I was born in Shreveport, La. in 1953, but I lived in cities all over the South. New Orleans is my family home, even though only one cousin still lives there now. I think of two experiences that set me on the path toward the Student Health Coalition. At age eleven, discussions with my best friend, who happened to be Jewish, showed me that the racist beliefs I had gleaned from being a little White girl in the South were utter horse shit. Then, in 1971, a beloved and amazing high school teacher was fired—because other teachers were jealous–and I and two other students organized a parent and student revolt. It failed (to retrieve her job). But I learned important lessons in the process; I learned that institutions seldom serve the people they were supposed to serve, and I learned that organizing is really the only way to combat the hypocrisy and anti-human power of institutions.
I have no memory of the way I learned of the SHC, but I do remember that I really hated Vanderbilt. It was full of rich kids whose lives and experiences were very foreign to me. They didn’t seem to know that there was a devastating war going on or that Black and Latino people were being violently oppressed 24/7. The Center for Health Services (CHS) was the place that seemed to have some consciousness about the world. I finally found a place where there was something real happening.
I came to Vanderbilt as a transfer student because I thought that the academics in my prior college weren’t hard enough if I could make A grades in my classes. I was wrong about that assumption, and had it not been for the SHC, I would have wished that I’d never set foot on the V.U. campus. I majored in psychology, with minors in history, English, and biology. I wanted to change the world through education—teaching and research.
Briefly describe your experience with the Student Health Coalition.
When were you active in the Coalition? Where did you work? Who did you stay with? Who did you work with? What were some challenges, triumphs?
I was a community worker/organizer in Ewing, Va. in 1974 and a co-director (with Cathy Barrow) in 1975. In 1974, I stayed with Lucy and Hobart Bailey and their eleven kids. In 1975, I travelled with the health fair; I can’t recall the places we visited—I think Tracy City, Tenn. was one. And I think we went back to Ewing.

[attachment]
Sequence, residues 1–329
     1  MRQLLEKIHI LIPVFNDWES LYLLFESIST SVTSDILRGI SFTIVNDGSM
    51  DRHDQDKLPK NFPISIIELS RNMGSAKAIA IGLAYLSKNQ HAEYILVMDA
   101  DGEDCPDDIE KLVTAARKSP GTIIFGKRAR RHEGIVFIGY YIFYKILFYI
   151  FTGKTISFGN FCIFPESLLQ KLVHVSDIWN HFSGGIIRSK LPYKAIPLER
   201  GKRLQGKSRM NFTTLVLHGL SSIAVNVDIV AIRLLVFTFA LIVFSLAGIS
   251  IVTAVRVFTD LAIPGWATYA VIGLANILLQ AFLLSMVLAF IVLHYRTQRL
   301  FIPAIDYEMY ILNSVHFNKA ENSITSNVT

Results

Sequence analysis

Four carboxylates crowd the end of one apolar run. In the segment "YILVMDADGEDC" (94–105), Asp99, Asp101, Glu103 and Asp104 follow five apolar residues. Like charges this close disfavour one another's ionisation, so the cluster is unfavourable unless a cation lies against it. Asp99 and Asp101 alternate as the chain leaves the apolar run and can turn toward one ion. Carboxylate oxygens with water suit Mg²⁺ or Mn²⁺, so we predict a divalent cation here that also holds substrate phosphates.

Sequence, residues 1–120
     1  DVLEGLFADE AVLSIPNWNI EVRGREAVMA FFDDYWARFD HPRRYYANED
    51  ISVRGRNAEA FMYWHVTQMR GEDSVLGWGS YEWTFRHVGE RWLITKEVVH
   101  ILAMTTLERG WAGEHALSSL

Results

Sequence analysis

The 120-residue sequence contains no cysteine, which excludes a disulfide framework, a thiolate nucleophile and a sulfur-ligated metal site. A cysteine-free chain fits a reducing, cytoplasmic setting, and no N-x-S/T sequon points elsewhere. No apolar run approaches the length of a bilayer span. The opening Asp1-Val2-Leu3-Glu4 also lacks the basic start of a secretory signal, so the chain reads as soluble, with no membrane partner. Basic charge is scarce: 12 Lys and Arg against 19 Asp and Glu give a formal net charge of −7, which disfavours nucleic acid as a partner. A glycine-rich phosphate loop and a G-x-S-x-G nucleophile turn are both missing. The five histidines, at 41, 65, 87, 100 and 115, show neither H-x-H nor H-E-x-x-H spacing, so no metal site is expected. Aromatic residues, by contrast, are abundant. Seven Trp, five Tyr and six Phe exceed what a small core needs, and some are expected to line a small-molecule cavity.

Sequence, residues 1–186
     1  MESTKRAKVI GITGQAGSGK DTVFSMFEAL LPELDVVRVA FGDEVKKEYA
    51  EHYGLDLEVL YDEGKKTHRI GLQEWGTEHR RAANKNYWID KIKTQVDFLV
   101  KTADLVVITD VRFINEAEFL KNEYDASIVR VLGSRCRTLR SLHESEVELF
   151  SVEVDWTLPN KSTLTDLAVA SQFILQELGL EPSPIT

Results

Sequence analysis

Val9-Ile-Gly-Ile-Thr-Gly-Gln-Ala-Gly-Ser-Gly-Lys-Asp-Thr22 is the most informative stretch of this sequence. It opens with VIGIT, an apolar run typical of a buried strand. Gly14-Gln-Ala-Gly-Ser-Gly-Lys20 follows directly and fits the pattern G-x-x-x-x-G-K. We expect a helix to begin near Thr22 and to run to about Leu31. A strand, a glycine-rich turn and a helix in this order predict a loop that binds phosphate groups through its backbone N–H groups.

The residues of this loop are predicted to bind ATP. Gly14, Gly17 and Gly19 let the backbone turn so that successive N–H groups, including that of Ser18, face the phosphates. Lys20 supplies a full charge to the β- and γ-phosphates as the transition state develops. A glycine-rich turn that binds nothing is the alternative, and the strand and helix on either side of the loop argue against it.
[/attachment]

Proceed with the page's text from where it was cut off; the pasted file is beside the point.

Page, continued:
One challenge I experienced in 1974 was the nagging concern that I was forcing something upon the people there. I knew that the idea was community-controlled clinics, but what could a college kid (not from the area) know or learn in one summer about what folks in a community really needed or wanted? Were we forcing our ideas upon them?
When I try to think of triumphs, only small moments rise to the surface. I think of the folks who had never had a physical exam or the ones who learned of a serious but treatable condition or disease. I think of climbing the mountain behind Lucy’s house with her kids, all of us picking buckets of blackberries in order to make a year’s worth of jam in giant vats over wood fires outside. I think of the Polish woman in Tracy City with whom I stayed; she was so mean, almost vile, about the South. But I finally came to understand that in Chicago, she’d had a real community of Polish people, a community in which she felt a part, a place where she belonged.
After graduating, I worked for Save Our Cumberland Mountains (SOCM) for a year. SOCM and the SHC (okay, and many other experiences, too…) helped me to understand something fundamental about capitalism and the fact that it really cannot work, not in a long-term way and definitely not for the majority of people. It will always need to consume people and resources, and it will always need people wanting more, more, and more. That understanding has been a central cornerstone of my activism throughout my life.
Include any personal accomplishments of which you are especially proud—whether or not they have anything to do with SHC.
Honestly? I don’t really think in terms of pride or accomplishments.
I think in terms of gratitude. I think in terms of blessings that I couldn’t possibly deserve.
I’m sixty-two and in pretty good health.
I’ve taught English (mainly writing) at Morehouse College for twenty-five-going-on-twenty-six years. I am in love with my colleagues and students—whom I once considered my younger brothers, then my sons, and now, my grandsons.
In my late thirties, I finally came to recognize and embrace the fact that I am a lesbian. Except for a relatively short relationship, I’ve been a solo act throughout my life.
At forty-two and forty-seven, I adopted my daughters. My older daughter is an honors student at Guilford College and my younger daughter is intellectually disabled. Both are magnificent, and each teaches me daily (apparently, I’m a slow learner) what I need to do to be her mother.
I have not been seduced into a life of complacency. I’ve maintained communal activism over the years. In personal decisions, I weigh every penny I spend and every choice I make against what else could be done in order to serve the cause of justice. I raise hell wherever I am and can.
I think of none of these things as accomplishments, but only as the pathways that life has brought to me, and I am grateful.